Are plugins really going away?

Yes. Plugin-less communications are the only viable vision for browser-based communications going forward. Support for browser plugins is waning due to ongoing security & compatibility concerns. For example, Google & Mozilla are terminating support for the Netscape Plugin API and plugins in 2014[i] [ii]. For Internet Explorer 10 and 11, Microsoft has issued a statement of direction without plugins. In turn, plugin warnings will appear with every use unless in "enterprise mode" or "desktop mode".  This points to a transition period to migrate Internet Explorer users off of plugins for future versions of Internet Explorer[iii]. In addition, plug-ins are not allowed on Chromebooks.

Today, Google Chrome, Mozilla Firefox and Opera all support real-time communications without a browser plugin. These three WebRTC browsers correlate to 1.2 billion endpoints today and by other estimates 63% of the browser market (via pageview market share at StatCounter) ...and growing.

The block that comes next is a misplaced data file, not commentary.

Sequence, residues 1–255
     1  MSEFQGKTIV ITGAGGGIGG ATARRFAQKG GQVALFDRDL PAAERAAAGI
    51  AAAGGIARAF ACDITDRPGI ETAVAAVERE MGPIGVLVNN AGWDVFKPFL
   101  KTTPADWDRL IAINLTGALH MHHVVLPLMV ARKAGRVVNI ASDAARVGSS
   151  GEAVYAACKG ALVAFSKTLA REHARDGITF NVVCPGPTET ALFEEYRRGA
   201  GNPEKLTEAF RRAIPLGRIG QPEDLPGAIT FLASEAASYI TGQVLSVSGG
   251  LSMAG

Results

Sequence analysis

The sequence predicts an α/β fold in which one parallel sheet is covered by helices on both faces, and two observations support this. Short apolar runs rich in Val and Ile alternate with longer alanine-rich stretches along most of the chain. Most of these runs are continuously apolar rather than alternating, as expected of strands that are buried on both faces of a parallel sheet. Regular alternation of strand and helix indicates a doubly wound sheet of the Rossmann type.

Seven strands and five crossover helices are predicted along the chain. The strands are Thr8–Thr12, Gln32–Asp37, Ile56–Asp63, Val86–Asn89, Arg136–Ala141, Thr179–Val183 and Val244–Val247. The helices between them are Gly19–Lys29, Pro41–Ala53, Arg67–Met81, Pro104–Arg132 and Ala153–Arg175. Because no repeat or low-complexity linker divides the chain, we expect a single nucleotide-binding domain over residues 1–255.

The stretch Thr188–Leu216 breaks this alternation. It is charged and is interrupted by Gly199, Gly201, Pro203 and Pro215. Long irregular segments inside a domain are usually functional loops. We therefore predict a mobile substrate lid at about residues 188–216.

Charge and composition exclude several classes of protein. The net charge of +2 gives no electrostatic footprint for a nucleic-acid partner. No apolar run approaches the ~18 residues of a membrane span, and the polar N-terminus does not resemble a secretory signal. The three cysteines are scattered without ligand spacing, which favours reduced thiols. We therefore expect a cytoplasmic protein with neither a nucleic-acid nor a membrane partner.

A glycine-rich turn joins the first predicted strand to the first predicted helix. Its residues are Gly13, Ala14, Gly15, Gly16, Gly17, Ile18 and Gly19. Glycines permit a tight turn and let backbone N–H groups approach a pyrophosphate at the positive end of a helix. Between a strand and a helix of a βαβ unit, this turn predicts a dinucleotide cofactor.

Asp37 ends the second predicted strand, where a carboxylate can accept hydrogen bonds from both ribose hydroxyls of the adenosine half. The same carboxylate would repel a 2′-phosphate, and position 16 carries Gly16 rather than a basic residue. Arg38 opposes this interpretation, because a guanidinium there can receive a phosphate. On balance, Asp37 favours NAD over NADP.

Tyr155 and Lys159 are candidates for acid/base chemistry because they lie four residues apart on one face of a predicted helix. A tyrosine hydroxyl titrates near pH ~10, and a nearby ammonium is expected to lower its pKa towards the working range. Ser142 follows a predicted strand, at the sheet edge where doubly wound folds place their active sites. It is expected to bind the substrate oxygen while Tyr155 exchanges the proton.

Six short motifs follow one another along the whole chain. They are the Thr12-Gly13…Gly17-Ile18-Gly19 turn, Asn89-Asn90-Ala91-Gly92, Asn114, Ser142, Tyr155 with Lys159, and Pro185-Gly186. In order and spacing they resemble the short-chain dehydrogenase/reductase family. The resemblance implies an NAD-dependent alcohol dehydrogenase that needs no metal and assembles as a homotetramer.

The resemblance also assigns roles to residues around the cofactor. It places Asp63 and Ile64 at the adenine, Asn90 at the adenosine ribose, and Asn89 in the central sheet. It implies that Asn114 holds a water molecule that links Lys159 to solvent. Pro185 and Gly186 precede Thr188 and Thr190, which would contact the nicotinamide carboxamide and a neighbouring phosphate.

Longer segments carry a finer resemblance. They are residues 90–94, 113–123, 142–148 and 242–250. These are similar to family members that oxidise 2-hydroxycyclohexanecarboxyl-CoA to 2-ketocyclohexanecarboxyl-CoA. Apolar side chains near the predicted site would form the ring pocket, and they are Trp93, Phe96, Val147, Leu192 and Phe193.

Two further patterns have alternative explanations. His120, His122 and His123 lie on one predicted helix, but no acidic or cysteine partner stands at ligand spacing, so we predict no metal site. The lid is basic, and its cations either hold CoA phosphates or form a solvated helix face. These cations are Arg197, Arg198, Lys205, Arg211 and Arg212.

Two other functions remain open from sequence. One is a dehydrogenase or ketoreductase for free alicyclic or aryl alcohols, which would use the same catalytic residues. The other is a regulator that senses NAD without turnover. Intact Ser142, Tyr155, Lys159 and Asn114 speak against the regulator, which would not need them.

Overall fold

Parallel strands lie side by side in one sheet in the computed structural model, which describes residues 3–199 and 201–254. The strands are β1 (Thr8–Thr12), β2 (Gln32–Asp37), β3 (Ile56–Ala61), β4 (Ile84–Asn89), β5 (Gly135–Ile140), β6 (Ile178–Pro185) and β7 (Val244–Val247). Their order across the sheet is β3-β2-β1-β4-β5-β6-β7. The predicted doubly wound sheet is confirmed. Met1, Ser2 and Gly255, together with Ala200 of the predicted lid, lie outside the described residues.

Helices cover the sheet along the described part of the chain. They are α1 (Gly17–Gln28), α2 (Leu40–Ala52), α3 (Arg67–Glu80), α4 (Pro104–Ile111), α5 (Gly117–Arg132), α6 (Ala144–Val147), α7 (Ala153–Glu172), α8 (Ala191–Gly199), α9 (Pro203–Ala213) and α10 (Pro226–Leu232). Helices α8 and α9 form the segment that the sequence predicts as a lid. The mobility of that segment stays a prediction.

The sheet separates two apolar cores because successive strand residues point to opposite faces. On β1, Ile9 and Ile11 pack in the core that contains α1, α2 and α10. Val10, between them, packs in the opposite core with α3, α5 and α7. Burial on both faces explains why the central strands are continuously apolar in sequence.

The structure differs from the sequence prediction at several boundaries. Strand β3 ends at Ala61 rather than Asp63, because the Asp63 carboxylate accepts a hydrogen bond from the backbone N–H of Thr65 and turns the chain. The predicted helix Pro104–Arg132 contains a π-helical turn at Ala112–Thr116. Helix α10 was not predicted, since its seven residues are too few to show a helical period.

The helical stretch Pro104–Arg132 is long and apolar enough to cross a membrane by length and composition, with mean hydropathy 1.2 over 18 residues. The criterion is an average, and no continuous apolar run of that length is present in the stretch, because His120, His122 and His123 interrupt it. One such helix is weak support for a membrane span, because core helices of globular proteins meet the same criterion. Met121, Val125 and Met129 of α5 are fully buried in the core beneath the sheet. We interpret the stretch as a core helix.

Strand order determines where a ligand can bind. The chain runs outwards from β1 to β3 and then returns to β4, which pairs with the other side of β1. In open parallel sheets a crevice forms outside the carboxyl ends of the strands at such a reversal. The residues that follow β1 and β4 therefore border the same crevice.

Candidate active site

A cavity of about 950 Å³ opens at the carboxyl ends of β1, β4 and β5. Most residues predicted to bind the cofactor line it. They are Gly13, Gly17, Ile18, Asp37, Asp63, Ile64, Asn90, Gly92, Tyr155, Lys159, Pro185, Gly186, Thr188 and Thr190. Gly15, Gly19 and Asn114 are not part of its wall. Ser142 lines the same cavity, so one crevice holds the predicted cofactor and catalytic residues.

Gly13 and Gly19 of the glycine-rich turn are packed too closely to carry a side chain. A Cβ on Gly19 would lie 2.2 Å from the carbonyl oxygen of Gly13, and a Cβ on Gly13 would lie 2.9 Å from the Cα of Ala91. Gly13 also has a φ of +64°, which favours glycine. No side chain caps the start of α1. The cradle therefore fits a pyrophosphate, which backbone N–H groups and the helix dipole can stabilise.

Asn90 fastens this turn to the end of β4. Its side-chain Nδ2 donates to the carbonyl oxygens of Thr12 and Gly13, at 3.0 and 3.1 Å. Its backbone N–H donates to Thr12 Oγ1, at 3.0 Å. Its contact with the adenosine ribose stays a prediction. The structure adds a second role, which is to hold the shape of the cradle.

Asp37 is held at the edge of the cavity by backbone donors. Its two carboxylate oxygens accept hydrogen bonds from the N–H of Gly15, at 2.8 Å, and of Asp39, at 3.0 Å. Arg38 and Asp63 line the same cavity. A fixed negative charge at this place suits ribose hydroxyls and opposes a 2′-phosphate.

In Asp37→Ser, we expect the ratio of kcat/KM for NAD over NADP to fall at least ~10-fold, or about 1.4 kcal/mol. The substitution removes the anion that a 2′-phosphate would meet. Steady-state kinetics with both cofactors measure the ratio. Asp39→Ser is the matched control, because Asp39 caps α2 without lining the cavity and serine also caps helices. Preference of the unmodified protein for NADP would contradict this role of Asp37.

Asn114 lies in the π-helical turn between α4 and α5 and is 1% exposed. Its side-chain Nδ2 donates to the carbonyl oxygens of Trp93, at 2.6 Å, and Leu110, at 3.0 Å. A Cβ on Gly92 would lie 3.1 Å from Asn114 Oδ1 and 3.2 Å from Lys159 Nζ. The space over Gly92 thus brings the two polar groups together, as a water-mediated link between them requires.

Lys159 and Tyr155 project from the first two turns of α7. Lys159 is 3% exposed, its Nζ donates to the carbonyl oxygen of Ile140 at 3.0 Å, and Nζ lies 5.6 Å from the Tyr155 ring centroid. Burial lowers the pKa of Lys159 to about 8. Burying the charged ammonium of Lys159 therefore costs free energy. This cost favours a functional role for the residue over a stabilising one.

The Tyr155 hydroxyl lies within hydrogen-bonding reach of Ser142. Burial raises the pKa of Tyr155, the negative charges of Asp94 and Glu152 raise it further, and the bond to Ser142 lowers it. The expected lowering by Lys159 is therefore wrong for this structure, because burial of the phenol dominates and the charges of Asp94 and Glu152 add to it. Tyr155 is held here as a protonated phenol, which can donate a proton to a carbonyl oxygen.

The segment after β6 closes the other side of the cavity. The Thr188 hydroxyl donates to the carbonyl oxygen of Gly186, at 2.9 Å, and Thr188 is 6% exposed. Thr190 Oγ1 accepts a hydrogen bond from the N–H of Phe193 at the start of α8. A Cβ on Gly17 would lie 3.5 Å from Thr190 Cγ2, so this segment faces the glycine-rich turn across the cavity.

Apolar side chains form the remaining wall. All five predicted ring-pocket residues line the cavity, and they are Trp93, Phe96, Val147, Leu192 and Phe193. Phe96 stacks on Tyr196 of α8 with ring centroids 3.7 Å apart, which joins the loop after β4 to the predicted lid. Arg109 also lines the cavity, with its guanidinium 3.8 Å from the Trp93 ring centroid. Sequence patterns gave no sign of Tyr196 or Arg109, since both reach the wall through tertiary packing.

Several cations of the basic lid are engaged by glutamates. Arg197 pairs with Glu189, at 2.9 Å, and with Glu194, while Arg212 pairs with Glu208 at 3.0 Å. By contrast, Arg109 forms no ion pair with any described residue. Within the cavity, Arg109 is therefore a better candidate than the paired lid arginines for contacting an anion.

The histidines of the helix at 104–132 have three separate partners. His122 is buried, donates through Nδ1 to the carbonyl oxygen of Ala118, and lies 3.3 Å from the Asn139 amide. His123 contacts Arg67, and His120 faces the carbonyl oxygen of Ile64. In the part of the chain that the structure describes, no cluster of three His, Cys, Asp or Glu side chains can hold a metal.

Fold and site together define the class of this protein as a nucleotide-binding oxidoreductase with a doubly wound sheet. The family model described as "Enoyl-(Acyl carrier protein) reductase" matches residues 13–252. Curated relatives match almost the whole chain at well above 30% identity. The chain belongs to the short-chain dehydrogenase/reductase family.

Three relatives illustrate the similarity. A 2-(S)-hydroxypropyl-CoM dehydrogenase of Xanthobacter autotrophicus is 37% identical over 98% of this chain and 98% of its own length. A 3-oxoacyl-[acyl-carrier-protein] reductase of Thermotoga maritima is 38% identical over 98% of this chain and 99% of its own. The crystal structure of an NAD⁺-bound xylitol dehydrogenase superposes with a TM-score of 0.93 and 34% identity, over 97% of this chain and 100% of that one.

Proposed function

With broadening support by Google, Microsoft and Mozilla, the W3C has commenced defining ORTC (Object Real Time Communications) as an extension and simplification of WebRTC. ORTC solutions are plugin-less and hide codec complexities from web & JavaScript developers. Microsoft has an early implementation of ORTC today. As we continue to innovate, CaféX products will be one of the first to implement plugin-less ORTC support.


[i]       Lucian Constantin, “Google Chrome to block and banish plugins built using popular NPAPI architecture”, PC World, September 24, 2013 (

[ii]       Zach Walton, “Firefox To Soon Block Plugins By Default”, WebProNews, September 25, 2013 (

[iii]      Internet Explorer Dev Center, “Get ready for plug-in free browsing” Microsoft Corporation (








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